Monday, January 8, 2018

Flying Eagle, Maine Lobster Boat, New Home on Orcas Island

On May 1, 2015, Flying Eagle arrived in Anacortes  after being trucked on a flat bed from the East Coast.  Rick and Diane Strollo purchased F.E. in Rockport, Maine,  in 2014 where she'd been owned and partially restored by Artisan Boatworks in Rockport, Maine.

After a season in service, it was evident that F.E.'s hull needed more attention. Artisan Boatworks had replaced the forefoot and some planking forward  but along the keel and at the turn of the bilge aft, water was leaking in at an unsafe rate.  Emerald Marine Carpentry would continue the restoration. The boat's original oak ribs where past their usefulness; many where broken at the turn and split at the heels. The boat had been re-framed with sisters once before but the stainless deck screws that had been used as fastenings had corroded away, leaving the planks adrift.  The oak floor timbers that tie the hull to the keel were rotten and cut away in places. Fortunately, the keel itself was in good condition.

Flying Eagle, a Maine Lobster Boat, was built for Floyd Pinkham of Gouldsboro, MA.  Her keel was laid by the Beal brothers in 1962 and she was launched on Beals Island in 1963. She earned her keep lobstering until the mid 1990s.  After many years of service, several owners and various name changes, Flying Eagle was returned to her original moniker after being purchased by the Strollos.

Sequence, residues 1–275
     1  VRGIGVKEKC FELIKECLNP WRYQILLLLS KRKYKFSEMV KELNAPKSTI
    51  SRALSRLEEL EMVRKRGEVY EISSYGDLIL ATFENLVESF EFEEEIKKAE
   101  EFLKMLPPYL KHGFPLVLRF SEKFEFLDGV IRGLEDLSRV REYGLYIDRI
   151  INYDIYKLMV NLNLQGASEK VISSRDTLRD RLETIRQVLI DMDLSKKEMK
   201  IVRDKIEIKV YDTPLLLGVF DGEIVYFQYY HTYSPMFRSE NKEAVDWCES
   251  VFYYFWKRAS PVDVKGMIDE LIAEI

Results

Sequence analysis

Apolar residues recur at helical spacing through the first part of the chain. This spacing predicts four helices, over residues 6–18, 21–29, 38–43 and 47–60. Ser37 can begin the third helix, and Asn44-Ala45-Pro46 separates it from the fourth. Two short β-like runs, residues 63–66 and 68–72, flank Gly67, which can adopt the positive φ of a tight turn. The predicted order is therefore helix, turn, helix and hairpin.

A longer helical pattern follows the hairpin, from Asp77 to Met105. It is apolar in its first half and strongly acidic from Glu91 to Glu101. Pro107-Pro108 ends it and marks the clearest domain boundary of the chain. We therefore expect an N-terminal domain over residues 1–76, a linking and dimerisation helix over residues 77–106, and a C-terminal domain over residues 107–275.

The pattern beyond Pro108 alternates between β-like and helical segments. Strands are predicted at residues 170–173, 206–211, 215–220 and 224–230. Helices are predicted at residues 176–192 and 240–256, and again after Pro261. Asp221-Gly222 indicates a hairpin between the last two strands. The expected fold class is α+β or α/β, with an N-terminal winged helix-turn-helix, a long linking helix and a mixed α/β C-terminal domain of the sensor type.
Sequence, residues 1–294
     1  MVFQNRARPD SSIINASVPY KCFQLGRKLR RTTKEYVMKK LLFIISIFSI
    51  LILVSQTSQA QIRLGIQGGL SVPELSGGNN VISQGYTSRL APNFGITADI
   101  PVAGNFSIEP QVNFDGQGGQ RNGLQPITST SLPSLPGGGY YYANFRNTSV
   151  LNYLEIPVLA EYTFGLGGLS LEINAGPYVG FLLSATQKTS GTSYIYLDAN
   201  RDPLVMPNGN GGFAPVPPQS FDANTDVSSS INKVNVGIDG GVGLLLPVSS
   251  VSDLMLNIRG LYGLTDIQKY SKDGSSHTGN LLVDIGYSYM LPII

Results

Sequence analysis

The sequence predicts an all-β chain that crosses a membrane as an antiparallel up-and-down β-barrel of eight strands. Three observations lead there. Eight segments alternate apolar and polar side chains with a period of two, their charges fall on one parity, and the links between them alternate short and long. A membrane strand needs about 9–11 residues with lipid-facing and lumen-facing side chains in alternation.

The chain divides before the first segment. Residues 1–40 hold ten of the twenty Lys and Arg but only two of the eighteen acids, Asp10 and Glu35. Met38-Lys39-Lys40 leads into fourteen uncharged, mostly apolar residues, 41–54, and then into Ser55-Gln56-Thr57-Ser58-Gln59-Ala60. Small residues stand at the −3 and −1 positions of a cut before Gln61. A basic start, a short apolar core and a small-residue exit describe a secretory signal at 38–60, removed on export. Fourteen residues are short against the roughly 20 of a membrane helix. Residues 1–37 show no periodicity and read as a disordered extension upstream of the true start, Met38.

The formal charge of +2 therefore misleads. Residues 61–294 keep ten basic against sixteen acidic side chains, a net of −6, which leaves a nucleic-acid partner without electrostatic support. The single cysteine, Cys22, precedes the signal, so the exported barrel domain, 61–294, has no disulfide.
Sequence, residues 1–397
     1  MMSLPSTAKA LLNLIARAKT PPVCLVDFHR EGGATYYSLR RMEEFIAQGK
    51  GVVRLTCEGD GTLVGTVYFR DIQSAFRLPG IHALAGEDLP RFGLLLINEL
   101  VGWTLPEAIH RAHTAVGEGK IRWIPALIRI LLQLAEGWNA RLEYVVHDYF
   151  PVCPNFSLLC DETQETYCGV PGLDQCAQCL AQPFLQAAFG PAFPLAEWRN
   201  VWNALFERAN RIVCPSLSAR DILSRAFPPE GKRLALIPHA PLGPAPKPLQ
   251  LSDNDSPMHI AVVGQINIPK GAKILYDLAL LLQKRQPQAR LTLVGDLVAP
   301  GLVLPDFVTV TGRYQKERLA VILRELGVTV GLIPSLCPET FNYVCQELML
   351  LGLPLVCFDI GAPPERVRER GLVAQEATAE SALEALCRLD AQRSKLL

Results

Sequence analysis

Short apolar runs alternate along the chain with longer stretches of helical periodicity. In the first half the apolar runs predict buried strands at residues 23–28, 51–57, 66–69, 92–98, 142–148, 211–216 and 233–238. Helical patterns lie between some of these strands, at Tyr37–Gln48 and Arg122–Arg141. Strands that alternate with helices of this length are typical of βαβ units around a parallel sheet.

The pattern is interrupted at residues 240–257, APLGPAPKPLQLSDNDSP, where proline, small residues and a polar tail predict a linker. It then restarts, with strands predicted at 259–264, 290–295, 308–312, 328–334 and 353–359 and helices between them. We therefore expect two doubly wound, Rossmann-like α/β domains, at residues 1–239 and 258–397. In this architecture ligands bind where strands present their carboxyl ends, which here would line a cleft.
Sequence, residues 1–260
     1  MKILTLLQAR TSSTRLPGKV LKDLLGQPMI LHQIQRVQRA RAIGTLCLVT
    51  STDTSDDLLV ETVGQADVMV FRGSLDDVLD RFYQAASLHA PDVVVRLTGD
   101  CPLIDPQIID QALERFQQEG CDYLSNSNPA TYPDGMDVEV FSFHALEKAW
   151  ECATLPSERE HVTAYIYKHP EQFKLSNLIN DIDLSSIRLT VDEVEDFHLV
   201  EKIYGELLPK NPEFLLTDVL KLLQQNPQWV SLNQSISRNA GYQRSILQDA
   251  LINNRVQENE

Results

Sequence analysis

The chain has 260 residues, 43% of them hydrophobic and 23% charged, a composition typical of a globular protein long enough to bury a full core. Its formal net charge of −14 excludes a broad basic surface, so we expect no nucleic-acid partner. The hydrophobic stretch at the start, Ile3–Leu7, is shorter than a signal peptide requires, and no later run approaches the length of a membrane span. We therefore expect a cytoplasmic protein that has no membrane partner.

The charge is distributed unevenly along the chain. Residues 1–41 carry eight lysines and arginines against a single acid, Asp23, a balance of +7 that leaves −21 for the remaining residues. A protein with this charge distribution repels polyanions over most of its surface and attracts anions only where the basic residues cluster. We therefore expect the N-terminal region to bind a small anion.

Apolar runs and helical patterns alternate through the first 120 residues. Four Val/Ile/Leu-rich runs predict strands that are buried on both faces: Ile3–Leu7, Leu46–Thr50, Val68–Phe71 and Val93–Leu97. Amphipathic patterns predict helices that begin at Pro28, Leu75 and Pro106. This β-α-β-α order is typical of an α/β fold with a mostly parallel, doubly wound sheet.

Rick has a fondness for the type and appreciated the rarity of finding a working boat in condition that could be saved and enjoyed. They have an efficient, seaworthy hull form, a good turn of speed, rich history and great looks!  His aim is to preserve this vessel as authentically as possible and pay homage to the past and share some of this treasured history with others.

Being in very nearly original condition and with a new V-8, allowed Rick to fit her out in a traditional manner while using her as a day boat from Orcas island, Wa.  Those of us who are fortunate enough to have the San Juans as our regular cruising grounds may glimpse this picturesque boat enjoying the many pleasures of the archipelago.

Here are pictures of the repairs and results:

Andy Stewart caulks some cotton in the seams after FE's arrival on the west coast in anticipation of her return to Emerald Marine carpentry where further work will be completed.  Notice the bronze prop cage: Original equipment to prevent lobster lines from becoming entangled, saving equipment and lives.  Picture from Rick Strollo

One year later, set up in the shop, with  temporary shoring to keep the shape at the turn of the bilge

In the cockpit, as found, with the cabin sole and ceiling removed. Original frames are marked for replacement.

Planks removed for access and proper fits later. Shores to keep the shape. The hull was detached from the keel in this area as the frames and floor timbers where removed.

Clearing away old framing, temporary wood in place of the floors. This is Shawn Huston, who did the most work during this refit.

Old holes in planking filled with woodnails and epoxy 

Almost ready for new frames

Three new ones, bent, clamped and clench nailed.

Heron as guest shipwright, clamping from the outside

Repairing some areas of rotten planking. Also repairing under the fiberglass lobster pot guard.

New frames and floors plus new "cheeks" on the keel sides to receive the frame heels.

Using visquene tube as a steam box to twist in a new garboard plank forward.
(Thanks to Tips from a Shipwright)
The original white cedar board had a rent through at a knot that was leaking.
We used yellow cedar as planking in our repairs. Beautiful stuff!

Allen cutting in the trim, Seth plumbing a new fuel tank under the side deck.

Rick has all the details right.